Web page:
Nicholle Rochelle dances large. At 5' 7" she is a willowy, feminine presence onstage, drawing audiences in with her lucscious movement quality, extended line, and confident skill. “When I first saw her in an audition for the company I was taken by her physique—she reminded me of Sylvie Guillem,” says North Carolina Dance Theatre artistic director Jean Pierre Bonnefoux. “She eats up the space around her onstage,” says NCDT ballet associate artistic director Patricia McBride. “It is divine to watch. And she can do anything from classical to contemporary.”
High praise for the 23-year-old Malibu, California, native who admits to being rather sickly her first season with NCDT’s second company. Now entering her fifth season with the main company, Rochelle is in peak form. Recognized as one of the company’s stars, she is drawing critical attention with bold performances at home and on tour. As a finalist at the New York International Ballet Competition in June, she wowed those who got to see her dance—including her partner at NCDT, Adam Stein.
“She is a ballerina who can really move,” says Stein. “In the beginning it was a bit intimidating partnering her because she is so good.” Stein says at times he would be late for his own music during a variation because he was fixated on Rochelle’s dancing. “She is mesmerizing to watch and a tough act to follow.”
Introduced to dance at age 6, Rochelle says she couldn’t stop moving as a child, so her mother, a former professional belly dancer, enrolled her in ballet and jazz classes at Malibu Civic Ballet. “At first I hated ballet,” says Rochelle. “Being sort of hyperactive, I preferred the freedom of jazz class.” At age 10, that changed. She found she had an affinity for the art form and by 12 knew she would make ballet her career. A product of Royal Academy of Dance training, Rochelle earned its highest honors on her annual exams and in 1999 qualified for the Adelene Geneé Awards in London where she became the first U.S.-trained dancer to place, taking home a bronze. After a brief stint as a trainee with Miami City Ballet, Rochelle joined NCDT. In 2002, she garnered a Princess Grace Award and this season was promoted to principal.
While the recognition of a promotion means a lot, Rochelle has already begun to feel the pressure. “All eyes are going to be on me now,” she says. “You have to act like it, look like it, be regal, and everything has to be polished and fine-tuned.”
Rochelle was all that and more in a performance at New York’s Chautauqua Institution in July. In the opening volley of choreography in Alonzo King’s Map, she attacked the stage like a predator on the hunt, limbs slicing through the air with muscular aggression and near flawless technique. And in the grand pas de deux from Le Corsaire with Stein, her statuesque carriage, impeccable turning ability, and breathtaking classicism earned her a standing ovation.
In addition to dancing the Black Swan pas de deux and performing the lead in Balanchine’s Serenade this season, Bonnefoux expects Rochelle will figure prominently in next month’s production of The Nutcracker and in Dwight Rhoden’s new ballet for the company, slated for February. “She has a way of being loyal to the choreographer but making the choreography better than it is,” says Bonnefoux. “She loves to be challenged with different dance styles.”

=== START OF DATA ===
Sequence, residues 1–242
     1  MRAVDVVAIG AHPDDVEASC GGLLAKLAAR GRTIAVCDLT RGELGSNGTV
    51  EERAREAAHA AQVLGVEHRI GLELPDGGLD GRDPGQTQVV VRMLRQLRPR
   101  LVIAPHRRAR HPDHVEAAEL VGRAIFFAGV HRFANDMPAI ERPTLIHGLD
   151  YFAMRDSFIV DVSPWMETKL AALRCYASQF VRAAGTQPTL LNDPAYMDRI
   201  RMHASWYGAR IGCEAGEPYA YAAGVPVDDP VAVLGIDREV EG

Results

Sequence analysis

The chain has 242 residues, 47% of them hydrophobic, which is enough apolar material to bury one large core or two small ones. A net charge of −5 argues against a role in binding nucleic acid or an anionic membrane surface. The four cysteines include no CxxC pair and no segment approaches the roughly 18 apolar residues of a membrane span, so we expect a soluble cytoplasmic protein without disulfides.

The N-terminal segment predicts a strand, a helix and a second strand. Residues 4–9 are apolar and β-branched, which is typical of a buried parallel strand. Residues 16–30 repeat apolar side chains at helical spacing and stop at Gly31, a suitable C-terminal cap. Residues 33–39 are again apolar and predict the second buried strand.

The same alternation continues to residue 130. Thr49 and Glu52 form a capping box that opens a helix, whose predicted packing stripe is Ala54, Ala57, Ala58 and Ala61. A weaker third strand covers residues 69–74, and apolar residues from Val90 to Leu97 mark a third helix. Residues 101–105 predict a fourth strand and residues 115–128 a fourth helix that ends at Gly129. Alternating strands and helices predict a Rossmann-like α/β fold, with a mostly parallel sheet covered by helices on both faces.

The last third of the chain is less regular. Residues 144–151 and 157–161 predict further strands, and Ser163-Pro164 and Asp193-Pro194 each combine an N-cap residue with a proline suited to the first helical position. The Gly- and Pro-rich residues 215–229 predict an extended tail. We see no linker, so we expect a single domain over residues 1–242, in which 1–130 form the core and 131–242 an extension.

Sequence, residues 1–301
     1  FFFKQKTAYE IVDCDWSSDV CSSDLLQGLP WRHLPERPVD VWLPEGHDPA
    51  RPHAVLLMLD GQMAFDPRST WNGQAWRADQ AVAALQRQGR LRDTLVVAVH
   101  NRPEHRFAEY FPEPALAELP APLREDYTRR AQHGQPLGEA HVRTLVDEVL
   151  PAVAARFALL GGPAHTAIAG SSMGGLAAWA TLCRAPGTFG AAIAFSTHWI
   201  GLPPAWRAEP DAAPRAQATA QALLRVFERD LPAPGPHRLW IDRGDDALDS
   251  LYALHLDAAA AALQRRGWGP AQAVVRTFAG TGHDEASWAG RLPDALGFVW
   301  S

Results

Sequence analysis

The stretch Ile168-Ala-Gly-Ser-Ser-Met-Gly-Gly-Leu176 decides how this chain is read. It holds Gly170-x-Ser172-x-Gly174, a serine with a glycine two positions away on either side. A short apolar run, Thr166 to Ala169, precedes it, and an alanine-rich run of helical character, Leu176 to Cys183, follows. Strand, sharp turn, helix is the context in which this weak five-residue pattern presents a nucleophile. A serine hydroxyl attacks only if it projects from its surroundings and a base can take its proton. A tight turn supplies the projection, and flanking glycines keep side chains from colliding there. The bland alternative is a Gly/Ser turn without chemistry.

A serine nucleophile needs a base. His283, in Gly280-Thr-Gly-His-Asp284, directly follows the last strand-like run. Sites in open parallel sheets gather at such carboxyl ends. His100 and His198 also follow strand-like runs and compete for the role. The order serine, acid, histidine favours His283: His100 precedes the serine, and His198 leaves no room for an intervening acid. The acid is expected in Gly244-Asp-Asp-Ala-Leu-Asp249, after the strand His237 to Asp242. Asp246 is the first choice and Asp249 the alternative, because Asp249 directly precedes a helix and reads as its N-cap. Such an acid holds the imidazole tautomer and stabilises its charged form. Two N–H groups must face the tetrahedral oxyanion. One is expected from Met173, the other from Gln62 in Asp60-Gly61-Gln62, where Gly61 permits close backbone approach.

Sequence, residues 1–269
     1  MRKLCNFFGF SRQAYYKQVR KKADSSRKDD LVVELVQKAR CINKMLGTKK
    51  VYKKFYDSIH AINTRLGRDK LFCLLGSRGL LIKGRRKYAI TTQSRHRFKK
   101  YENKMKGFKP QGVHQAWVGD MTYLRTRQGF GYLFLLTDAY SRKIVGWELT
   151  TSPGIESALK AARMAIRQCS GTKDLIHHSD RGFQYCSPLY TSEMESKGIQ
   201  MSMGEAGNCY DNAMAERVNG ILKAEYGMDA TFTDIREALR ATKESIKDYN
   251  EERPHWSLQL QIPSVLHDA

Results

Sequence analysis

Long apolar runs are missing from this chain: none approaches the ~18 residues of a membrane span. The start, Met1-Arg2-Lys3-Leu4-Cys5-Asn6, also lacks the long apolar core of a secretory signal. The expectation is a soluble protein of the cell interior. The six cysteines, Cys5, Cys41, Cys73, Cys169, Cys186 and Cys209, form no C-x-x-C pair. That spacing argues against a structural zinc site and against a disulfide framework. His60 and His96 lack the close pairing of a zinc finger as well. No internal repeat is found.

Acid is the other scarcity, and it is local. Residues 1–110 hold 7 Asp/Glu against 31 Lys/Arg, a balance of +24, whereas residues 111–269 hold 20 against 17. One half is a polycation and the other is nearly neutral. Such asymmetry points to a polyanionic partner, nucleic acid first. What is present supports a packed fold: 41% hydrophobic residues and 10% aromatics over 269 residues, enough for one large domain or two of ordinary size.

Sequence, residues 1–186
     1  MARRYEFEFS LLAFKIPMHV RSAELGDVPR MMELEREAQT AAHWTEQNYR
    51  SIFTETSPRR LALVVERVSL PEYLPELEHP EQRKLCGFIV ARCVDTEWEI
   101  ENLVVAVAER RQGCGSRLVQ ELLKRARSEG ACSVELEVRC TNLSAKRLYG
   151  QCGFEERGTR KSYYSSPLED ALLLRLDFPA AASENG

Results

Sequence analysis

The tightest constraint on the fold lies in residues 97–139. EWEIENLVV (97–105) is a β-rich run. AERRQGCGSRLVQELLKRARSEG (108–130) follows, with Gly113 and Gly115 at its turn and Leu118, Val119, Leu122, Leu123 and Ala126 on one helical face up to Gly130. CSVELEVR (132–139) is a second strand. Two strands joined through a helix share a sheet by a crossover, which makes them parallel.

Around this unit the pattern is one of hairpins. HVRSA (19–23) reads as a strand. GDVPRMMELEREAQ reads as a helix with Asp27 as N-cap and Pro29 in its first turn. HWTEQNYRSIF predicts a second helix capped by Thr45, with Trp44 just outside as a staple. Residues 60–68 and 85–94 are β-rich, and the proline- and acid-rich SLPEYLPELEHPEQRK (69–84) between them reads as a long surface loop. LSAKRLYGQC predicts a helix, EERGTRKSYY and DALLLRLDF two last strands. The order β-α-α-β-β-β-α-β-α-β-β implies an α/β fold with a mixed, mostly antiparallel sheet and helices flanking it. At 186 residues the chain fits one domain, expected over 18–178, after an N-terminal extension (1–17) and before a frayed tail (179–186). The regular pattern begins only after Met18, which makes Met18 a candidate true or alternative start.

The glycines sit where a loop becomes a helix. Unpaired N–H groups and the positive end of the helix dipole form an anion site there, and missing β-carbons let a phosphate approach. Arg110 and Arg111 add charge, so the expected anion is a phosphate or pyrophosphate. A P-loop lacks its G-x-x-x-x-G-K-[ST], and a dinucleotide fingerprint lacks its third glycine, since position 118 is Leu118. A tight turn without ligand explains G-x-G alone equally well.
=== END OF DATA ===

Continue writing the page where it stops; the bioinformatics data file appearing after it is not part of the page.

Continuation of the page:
Rochelle says for a long time she dreamed of dancing with American Ballet Theatre, but now feels fortunate to be where she is. She believes the repertoire and roles she has gotten to dance with NCDT over the years are invaluable. “You can give me a principal role one night and a corps role the next. I don’t mind, I just want to perform,” says Rochelle.
Ever ambitious, Rochelle is still very much on the hunt when it comes to her performance career, looking to feed her insatiable hunger for the stage. “I want to be famous, and dance in the grandest opera halls in the world,” Rochelle says. “Not for the attention, but for the thrill of it. I am going to dance for you and relish every moment of it!”
Steve Sucato is a former dancer turned writer/critic. He is based in Erie, Pennsylvania and is a frequent contributor to several newspapers and national dance publications.
James Whiteside (Jayme Thornton for Dance Magazine)
Say you're perpetually impeccable designer Thom Browne. Say you're planning your Spring 2020 Paris menswear show along a "Versailles country club" theme. Say you want a world-class danseur to open the show with some kind of appropriately fabulous choreography.
Who do you call? James Whiteside, of course. On Saturday, the American Ballet Theatre principal—wearing pointe shoes and a glorious pinstriped tutu—kicked off Browne's presentation at the École des Beaux-Arts with a 15-minute, show-stealing solo. Whiteside choreographed the piece himself, with the help of detailed notes from the designer.
I'd been a professional dancer for five years when I realized the pain I'd been feeling in my hip and down my sciatic nerve was not going away. I had been treating it for two years as we dancers do—with regular visits to my masseuse, physical therapy, baths, ice and lots of Aleve—but I never stopped dancing. It finally dawned on me that if I kept going at the speed I was going (which was, well, speedy), the pain would only get more severe and unrelenting, and I might never dance again.
I told myself I'd take two months off, and all would be better.
That first morning when I woke up at 10 am, I had no idea what to do with myself. My life until that moment had been dictated by class and rehearsal, every hour accounted for. How should I fill the huge swath of time ahead of me?